Tuesday, 15 April 2008

AG08 session Evidence-based eLearning Methods to Build Creative Thinking Skills by Ruth Clark

(For the live blogging info look below the AG08 synopsis)

wikibook Ruth Clark

(AG08 synopsis) In a global economy, organizations must increasingly rely on adaptive expertise for innovative competitiveness. What evidence do we have on using e-Learning to accelerate expertise and build a more innovative workforce?

Session participants will join Ruth as she guides you through research and practice on creative skills training, drawing from the 2008 edition of e-Learning and the Science of Instruction. You will see examples, identify best-practices, review evidence, and apply a design template for problem-based e-Learning to accelerate expertise and build thinking skills.

In this session, you will learn:
  • The features of learning environments proven to build creative thinking skills
  • The research evidence on effectiveness of problem-based learning
  • To use your own content to plan a problem-based learning lesson
Live from room Palm 3 at Hilton, Orlando, Florida
(my thoughts are in italic)

You can download the handouts (ppt) at this link, look at session 206.

Ruth Clark is immediately diving into it and ... she is more active then I felt she would be based on the synopsis. She really gets people thinking right at the beginning. She uses visuals and humour, so really the advocate of what she is talking about.

well designed creativity training programs typically induce gains inperformance... What makes creativity programs stick?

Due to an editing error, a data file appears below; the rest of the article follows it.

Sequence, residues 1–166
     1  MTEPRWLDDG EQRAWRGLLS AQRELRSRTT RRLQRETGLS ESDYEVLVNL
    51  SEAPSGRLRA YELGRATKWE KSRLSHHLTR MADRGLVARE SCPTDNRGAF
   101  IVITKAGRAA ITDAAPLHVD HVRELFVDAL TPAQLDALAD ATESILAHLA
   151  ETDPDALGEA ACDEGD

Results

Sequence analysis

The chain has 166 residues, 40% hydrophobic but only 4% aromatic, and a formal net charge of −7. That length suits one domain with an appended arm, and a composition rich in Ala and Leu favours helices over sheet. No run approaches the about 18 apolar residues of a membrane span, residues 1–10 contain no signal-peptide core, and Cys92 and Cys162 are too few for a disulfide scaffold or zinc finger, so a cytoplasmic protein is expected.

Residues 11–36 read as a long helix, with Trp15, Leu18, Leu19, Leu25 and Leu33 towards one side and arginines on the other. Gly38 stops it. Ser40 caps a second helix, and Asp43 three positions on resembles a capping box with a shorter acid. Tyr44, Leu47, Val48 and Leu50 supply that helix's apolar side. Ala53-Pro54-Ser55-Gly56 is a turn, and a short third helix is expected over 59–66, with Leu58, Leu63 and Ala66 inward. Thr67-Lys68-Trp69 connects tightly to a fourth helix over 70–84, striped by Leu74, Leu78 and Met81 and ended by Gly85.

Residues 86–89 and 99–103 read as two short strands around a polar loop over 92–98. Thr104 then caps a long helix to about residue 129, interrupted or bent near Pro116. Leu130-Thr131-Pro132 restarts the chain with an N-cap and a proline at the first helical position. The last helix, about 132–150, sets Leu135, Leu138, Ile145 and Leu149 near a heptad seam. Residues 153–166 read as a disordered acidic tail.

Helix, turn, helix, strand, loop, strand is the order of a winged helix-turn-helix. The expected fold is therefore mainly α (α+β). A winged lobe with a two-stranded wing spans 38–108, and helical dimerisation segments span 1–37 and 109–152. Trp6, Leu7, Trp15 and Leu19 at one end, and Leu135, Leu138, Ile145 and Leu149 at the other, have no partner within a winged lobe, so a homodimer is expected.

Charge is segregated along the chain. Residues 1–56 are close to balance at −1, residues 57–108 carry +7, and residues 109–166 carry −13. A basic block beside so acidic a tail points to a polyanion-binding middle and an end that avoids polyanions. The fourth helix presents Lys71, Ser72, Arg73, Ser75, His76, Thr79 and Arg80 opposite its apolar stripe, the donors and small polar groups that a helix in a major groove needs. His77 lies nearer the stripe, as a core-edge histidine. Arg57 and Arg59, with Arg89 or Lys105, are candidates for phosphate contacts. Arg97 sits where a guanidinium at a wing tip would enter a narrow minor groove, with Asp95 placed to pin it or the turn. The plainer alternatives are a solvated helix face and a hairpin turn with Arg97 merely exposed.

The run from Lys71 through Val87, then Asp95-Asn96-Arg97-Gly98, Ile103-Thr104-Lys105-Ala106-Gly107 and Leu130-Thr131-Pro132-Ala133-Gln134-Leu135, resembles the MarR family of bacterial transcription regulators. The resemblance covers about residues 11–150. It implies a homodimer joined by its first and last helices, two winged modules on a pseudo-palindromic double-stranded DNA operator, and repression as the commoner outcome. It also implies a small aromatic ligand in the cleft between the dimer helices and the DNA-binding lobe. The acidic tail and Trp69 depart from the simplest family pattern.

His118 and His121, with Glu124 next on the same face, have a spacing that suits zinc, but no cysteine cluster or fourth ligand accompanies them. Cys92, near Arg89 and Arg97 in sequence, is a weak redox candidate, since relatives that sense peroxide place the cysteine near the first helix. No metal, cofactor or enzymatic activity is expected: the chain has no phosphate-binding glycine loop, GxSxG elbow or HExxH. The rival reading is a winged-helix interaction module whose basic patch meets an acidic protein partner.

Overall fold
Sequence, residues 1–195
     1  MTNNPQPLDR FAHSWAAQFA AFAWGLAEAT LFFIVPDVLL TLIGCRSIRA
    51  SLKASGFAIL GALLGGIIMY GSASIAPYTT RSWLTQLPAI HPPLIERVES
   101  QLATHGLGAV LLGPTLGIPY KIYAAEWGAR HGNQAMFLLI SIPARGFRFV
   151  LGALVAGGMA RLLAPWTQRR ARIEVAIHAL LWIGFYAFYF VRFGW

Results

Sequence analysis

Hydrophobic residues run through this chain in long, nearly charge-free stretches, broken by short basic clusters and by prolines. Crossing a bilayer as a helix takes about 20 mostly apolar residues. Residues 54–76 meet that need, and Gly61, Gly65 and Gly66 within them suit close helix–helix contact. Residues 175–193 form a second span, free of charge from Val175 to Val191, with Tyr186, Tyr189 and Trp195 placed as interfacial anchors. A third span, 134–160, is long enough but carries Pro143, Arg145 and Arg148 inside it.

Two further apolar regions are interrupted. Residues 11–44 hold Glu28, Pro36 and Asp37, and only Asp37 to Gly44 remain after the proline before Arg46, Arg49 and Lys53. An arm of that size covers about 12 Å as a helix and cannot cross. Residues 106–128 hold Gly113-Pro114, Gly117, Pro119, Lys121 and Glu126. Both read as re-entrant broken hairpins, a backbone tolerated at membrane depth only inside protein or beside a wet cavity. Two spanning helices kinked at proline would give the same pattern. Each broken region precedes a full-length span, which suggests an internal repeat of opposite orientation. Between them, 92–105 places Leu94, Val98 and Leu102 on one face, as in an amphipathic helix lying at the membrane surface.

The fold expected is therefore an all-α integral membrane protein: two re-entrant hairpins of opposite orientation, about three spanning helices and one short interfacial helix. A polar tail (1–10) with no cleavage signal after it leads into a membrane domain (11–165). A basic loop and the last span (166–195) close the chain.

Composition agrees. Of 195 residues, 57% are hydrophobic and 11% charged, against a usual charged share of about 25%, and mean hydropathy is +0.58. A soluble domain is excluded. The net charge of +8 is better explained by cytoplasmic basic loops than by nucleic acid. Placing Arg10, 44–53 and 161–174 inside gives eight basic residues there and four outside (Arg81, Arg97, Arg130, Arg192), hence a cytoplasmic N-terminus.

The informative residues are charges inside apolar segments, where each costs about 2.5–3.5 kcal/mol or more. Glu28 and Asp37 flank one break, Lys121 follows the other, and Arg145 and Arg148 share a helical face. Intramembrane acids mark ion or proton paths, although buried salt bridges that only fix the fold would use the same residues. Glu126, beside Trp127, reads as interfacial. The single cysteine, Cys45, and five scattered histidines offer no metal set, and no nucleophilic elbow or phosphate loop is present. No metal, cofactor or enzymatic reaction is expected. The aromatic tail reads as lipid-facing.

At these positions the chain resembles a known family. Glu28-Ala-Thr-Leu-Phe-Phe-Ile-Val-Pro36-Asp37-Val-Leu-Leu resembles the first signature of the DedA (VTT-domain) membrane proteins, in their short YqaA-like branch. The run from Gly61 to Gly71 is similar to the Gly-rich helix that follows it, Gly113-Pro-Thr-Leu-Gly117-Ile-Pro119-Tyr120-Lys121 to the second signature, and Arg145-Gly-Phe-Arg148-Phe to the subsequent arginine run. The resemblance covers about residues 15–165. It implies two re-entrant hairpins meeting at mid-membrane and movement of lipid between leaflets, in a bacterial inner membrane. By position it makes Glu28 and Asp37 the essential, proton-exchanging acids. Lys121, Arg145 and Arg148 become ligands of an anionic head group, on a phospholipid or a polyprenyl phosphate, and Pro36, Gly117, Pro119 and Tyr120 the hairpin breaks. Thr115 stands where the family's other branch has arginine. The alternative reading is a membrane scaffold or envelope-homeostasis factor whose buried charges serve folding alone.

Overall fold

there were between 100 and 200 different types of programs, but they can be divided in 3:
puzzle problems: think outside the box (or like Nicola Avery said last month: the box is bigger then you think!)
critical thinking skills: (brain busters creative programs)

The most effective creative thinking is domain based problems (so this is really good because it means problem based problem in a job-specific context).
meta analysis of 70 studies proved this (Mumford, 2004)

Weisberg studied what made creative, famous people creative geniuses.
We are building on the creativity of others. For example: DNA a lot of scientists looked at DNA, but nobody until the (three) scientists worked on a model DNA science did not have a break through.

Domain specific scenario-based learning environments (this is where the ustream recording starts)
a very simple example: a medical ethics example on life ending topics (she very nicely tells people that this is a very sensitive topic) the example is text based with the option to choose your role and/or sex. The example shows what people can be confronted with in case a relative is in a life threatening situation and the family has to decide on whether or not the patient will be taken of life suport. An American example with legal differences according to the different state legislations.
At the end of the module you can type in what you think would choose and you can reflect on your choice and if necessary change your choice.
This focused on a specific job focus and was job-focused, so good.

case based versus traditional example: 163 medical students in 3 week rotation in orthopedics. Test group: case based online plus faccetoface discussion from traditional didactic methods